And we said that this is the evidential approach, and I'm not going to go through it all like I did last time. But the evidential approach points to different aspects, different proofs that they find that they think are compelling to establish a probability case that the Bible is the Word of God. So they will point to the indestructibility of the Bible. You know, people have tried to burn the Bible, cancel the Bible, eliminate the Bible, and they've failed. And the endurance of the Bible against the efforts to destroy it show that there must be a divine element to it.

Because men have tried to destroy it and they have failed. That's one aspect. Second aspect that we looked at is people will talk about the character of the Bible. That, you know, the Bible is written by 40 authors over a period of 1,500 years, and there's a unity to its teaching. And surely that character points to the fact that it is probably the Word of God. And thirdly, we talked about the influence of the Bible. The indestructibility, the character, the influence of the Bible. And the influence of the Bible talks about how the Bible has contributed to achievements in art and literature and science and architecture and music.

It's influenced the laws of nations throughout the course of history and produced social reforms and changed the lives of many, many people. Now, beloved, all of those things are true. It's not that any of these arguments are false. But the whole approach, the evidential approach itself is flawed, as I'm going to remind you in a moment. People also look to fulfilled prophecy and that many prophecies over the course of, about the course of human nations have been fulfilled and that this points to the fact that the Bible must be the Word of God.

All of those things are true and they're good for us to know. But, beloved, it is not the right way to establish the authority of the Bible. It is not the right way to establish that the Bible is the Word of God. Because what the evidential approach does and by its very approach and by the very label that is given to it, what the evidential approach does is it leaves the final judgment about whether the Bible is the Word of God or not up to you.

It says, here's all the evidence, you know, and it's as if an attorney is presenting it and said, here's my case and now the verdict is up to you and the evidence demands the verdict that I am trying to persuade upon you. But, beloved, even the proponents of this view, even the proponents of it, say this does not prove that the Bible is the Word of God, but it shows that the Bible is unique. That's a fatal flaw in my opinion to try to argue that the Bible is the Word of God when ultimately you say, I'm only making a probability case and I acknowledge that this doesn't prove it conclusively. To me, that's just an unthinkable way to stand up and assert the Word of God. The Word of God does not come to us in suggestions and probabilities, it comes to us in authority and in assertions that are to believe and to be obeyed upon pain of eternal judgment if you don't.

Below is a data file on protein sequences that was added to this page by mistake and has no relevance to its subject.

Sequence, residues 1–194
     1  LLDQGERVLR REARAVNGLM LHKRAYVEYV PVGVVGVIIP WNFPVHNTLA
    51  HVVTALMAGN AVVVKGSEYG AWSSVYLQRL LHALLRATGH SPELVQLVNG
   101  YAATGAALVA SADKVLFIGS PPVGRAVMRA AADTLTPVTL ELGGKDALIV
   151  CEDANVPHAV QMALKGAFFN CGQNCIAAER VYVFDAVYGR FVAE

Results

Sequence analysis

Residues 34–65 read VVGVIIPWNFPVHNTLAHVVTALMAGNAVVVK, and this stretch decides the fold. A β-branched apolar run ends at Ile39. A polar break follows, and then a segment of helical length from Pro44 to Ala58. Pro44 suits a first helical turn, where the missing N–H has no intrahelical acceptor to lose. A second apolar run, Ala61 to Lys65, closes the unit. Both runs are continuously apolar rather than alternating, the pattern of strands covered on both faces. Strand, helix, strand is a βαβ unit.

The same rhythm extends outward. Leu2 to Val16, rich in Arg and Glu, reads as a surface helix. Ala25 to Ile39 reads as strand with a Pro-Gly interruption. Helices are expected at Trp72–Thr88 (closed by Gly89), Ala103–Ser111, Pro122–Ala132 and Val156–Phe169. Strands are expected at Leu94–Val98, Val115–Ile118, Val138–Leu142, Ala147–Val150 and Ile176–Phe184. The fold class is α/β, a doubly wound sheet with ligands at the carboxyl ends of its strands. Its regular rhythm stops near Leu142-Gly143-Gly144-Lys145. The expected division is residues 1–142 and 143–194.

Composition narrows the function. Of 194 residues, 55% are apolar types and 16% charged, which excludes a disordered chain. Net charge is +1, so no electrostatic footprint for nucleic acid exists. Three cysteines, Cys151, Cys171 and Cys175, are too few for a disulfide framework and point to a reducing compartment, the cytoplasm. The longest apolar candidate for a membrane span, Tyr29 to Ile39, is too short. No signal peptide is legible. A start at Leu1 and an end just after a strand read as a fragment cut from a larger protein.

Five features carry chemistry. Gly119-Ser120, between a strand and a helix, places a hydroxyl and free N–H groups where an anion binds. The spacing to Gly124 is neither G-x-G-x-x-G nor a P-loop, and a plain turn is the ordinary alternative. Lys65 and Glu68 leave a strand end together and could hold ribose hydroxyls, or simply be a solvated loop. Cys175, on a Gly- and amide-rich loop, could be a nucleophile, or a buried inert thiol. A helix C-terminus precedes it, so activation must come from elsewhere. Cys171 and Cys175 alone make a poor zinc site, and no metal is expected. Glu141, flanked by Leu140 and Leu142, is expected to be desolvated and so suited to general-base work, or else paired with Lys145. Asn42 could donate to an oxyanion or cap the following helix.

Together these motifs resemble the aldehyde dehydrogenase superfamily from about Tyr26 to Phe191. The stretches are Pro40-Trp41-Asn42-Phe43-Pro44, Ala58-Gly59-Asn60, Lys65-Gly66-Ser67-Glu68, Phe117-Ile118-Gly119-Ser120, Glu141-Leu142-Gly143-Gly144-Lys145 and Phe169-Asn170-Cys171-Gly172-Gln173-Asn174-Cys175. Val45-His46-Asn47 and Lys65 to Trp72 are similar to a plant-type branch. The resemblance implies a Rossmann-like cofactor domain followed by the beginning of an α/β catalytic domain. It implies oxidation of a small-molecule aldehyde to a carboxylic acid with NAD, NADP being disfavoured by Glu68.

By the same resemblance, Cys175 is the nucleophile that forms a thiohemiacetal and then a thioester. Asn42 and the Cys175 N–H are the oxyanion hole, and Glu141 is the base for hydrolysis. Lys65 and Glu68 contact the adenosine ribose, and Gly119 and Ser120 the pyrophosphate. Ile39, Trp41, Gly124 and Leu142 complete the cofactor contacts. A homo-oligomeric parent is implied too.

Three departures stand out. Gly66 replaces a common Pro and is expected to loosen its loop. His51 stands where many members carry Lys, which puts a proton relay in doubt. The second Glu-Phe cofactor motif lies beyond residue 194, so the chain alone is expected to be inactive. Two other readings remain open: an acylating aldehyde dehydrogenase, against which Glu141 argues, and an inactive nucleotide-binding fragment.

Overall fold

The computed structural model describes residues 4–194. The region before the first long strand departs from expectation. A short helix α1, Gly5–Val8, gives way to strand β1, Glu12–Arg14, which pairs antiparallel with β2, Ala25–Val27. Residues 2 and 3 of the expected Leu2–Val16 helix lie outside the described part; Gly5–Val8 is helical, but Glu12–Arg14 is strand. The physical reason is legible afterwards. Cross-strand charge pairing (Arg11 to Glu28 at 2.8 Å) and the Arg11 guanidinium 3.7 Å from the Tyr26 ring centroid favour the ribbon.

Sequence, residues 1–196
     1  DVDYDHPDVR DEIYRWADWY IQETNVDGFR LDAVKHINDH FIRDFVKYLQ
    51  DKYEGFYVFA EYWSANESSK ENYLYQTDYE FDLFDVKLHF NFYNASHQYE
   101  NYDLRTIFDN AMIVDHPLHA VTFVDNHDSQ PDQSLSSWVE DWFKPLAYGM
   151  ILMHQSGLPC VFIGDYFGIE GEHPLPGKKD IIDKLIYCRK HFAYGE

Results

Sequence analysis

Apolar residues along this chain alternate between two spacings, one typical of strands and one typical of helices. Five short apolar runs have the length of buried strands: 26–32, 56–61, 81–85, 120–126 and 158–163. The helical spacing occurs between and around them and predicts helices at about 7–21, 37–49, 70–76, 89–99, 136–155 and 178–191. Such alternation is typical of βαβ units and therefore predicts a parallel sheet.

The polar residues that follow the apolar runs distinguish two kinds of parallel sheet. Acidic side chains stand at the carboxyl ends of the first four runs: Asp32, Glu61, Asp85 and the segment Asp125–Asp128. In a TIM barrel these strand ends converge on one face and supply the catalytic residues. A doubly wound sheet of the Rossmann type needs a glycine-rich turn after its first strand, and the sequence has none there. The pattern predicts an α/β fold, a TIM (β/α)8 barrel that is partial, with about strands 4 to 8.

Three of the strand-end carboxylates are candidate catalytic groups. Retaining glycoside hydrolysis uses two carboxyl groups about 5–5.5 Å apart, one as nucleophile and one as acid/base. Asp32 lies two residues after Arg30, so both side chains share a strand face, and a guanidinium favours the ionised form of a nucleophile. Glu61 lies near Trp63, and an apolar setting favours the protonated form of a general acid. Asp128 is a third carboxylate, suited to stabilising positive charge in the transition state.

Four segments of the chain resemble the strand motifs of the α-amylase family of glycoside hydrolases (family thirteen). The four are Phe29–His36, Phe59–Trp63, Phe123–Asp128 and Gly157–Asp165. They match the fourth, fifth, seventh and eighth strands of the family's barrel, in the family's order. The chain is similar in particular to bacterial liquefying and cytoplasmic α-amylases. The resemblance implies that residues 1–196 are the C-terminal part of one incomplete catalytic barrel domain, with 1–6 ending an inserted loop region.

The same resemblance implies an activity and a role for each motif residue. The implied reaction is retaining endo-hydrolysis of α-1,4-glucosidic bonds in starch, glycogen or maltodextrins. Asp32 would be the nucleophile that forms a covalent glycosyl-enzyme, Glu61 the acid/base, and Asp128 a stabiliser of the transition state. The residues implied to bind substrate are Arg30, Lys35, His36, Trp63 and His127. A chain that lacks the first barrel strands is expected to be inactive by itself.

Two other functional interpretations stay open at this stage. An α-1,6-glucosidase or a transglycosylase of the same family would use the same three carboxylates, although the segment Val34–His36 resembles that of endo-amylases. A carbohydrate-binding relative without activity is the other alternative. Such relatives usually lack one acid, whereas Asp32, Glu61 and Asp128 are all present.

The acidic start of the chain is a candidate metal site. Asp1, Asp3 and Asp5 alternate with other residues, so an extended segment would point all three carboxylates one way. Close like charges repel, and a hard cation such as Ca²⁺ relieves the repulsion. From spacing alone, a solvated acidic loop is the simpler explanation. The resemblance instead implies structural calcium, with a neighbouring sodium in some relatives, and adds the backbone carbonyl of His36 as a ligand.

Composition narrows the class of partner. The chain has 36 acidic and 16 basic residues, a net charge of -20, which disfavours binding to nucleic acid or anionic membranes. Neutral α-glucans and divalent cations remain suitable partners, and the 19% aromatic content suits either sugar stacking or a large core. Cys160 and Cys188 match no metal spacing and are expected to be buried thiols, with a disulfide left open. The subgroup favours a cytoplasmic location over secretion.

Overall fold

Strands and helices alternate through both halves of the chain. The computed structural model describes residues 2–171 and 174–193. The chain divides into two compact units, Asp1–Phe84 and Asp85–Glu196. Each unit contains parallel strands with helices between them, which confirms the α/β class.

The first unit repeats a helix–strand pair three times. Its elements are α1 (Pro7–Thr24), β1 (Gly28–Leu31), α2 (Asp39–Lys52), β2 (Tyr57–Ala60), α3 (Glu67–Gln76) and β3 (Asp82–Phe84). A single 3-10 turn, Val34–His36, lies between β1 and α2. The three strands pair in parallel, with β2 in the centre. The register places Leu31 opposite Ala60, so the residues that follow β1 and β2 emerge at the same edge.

And so scripture is not pleading a probability case about itself and the very fact that they say this doesn't prove that the Bible is the Word of God leaves us saying there must be something else, there must be a different way to approach this. And one of the things that I said to you on Sunday is that ultimately the evidential approach backfires really badly on us because Muslim apologists make all of the same kinds of arguments for their claim that the Quran is the Word of God. And if we're making the same kind of argument, pointing to the same kind of evidence, then it ought to really disturb us as Christians to think that we're making the same case that a Muslim can make for their book. I won't dignify it by calling it a holy book, they consider it such, but I won't dignify it even for the sake of argument by calling it that.